Blas is a milonguero. I admired him many times in 2014. A man you always see on the patrol, addicted to dancing. He has a personal style that stands out easily. It even has a very nice navigation philosophy. In short, a man I wanted to meet and learn from. Well, it looks like I was lucky. And as a bonus, I discovered another man with a big heart, friendly, attentive, modest.
From Blas I learned (I hope) some traditional structures. I also learned that you have to listen to the woman (sic!) And let her dance, but also that she has to impose her dance. And he told me about taking height in dance and about posture. I admit that I neglected the look a lot. I have practiced for a long time with lower height partners and I tend to crouch to be at their height. So far, no one has explained to me how I can reconcile the difference in height. But, of course, the answer was obvious: a hug.
I learned a lot about hugs from Blas. Of course, and he pulled me out of my comfort zone. It has given me food for thought for many years. The first of these is “control versus freedom, in embrace.”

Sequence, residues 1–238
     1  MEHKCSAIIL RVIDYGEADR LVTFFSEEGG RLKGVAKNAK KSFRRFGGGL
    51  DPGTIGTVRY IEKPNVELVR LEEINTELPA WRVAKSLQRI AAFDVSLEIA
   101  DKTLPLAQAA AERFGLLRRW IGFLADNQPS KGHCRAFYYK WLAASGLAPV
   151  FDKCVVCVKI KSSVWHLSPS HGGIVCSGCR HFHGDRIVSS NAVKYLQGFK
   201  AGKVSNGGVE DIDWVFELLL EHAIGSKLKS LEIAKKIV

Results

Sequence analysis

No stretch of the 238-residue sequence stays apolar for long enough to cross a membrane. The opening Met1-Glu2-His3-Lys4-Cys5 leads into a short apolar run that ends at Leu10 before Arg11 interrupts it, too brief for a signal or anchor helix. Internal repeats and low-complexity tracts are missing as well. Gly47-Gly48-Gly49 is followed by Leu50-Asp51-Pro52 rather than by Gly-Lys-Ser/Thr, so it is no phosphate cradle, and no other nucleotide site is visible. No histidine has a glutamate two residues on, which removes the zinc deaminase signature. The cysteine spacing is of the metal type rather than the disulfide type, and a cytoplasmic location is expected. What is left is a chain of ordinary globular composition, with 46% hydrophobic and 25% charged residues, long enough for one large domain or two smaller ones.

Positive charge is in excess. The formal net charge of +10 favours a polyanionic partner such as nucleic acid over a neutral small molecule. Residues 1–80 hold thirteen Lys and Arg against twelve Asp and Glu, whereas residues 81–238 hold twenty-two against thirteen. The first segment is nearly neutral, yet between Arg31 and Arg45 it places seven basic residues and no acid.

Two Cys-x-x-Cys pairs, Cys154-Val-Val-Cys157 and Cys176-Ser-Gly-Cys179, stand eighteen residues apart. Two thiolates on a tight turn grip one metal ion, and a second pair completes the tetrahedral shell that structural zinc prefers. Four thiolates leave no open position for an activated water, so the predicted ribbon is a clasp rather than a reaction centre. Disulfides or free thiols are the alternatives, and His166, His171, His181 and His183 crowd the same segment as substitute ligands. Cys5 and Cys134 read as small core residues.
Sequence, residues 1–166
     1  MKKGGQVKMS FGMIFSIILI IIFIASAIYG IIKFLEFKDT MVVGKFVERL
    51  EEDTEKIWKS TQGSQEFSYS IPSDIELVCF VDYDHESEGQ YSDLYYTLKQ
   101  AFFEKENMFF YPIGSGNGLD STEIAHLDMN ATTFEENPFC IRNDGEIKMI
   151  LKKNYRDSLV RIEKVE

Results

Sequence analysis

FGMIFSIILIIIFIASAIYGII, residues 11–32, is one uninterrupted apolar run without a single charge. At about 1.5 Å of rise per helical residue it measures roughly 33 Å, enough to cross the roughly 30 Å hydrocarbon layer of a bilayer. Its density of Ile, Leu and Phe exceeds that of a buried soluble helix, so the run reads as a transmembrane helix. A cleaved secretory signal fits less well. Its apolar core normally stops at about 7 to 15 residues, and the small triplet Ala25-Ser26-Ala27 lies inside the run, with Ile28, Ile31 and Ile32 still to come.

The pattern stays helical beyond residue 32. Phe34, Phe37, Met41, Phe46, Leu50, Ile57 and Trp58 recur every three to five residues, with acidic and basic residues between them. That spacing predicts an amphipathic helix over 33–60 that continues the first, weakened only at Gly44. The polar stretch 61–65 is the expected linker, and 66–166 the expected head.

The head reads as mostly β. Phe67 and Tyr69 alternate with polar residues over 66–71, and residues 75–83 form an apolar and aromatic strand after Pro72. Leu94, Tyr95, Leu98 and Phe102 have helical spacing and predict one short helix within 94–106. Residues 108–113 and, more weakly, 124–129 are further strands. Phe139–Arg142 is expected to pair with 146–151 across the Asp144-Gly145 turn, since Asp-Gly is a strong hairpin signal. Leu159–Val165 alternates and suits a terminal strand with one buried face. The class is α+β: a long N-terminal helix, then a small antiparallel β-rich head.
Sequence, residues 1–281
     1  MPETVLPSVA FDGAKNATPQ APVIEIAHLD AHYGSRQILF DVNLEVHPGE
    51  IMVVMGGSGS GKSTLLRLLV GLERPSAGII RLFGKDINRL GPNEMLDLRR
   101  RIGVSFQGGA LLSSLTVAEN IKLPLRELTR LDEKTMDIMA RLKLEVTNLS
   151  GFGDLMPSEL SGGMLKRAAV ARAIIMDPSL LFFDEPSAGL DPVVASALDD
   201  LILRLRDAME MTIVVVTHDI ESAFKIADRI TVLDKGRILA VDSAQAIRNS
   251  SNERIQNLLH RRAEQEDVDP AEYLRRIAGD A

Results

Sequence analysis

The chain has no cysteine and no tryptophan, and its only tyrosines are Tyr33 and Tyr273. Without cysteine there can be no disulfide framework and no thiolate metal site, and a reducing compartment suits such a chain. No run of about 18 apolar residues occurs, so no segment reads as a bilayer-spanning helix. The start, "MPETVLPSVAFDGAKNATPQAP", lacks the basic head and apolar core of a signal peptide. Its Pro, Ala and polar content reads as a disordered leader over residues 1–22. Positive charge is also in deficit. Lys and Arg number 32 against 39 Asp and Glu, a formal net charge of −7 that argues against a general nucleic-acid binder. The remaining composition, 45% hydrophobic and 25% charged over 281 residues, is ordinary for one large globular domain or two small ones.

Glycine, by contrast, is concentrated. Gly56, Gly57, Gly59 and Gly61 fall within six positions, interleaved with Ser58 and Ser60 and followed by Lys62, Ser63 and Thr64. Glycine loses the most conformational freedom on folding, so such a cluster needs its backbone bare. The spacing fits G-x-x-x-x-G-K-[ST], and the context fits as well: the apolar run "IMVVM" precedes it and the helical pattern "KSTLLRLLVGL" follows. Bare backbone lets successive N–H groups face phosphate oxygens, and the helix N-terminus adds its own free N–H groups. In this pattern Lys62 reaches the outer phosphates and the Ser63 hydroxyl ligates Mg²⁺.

What intrigued me a lot and made me think hard was the musicality. I had noticed the minimalism of those in Buenos Aires, but now I was guided to dance it by an excellent teacher.
By the time of Buenos Aires 2020, I understood not to dance linear rhythmically (“Three bumpy kids”), to follow the melodic line with sanctity, to respect the pauses, to set dynamics through accelerations and slowdowns, not to start on the first measure, to I also listen to music and women, etc.
Along with those taught by Blas, I noticed a terrible paradigm shift between Argentines and us – the break. No, very good dancers in Argentina don’t look for a break, they don’t respect a break, they don’t dance a break, as we try. For them, the break is natural. They are in no hurry, they do not want to dance everything. For them, the break is the tango. After all, why would you want to be an orchestral instrument that plays all the time? Isn’t it better when you can enjoy music, working less? Those two words, which Blas kept telling me, “quiet” and “soft”, took on a special meaning for me. I don’t know if I will be able to detach myself from the idea of dancing everything, but I promise to try to understand these two notions.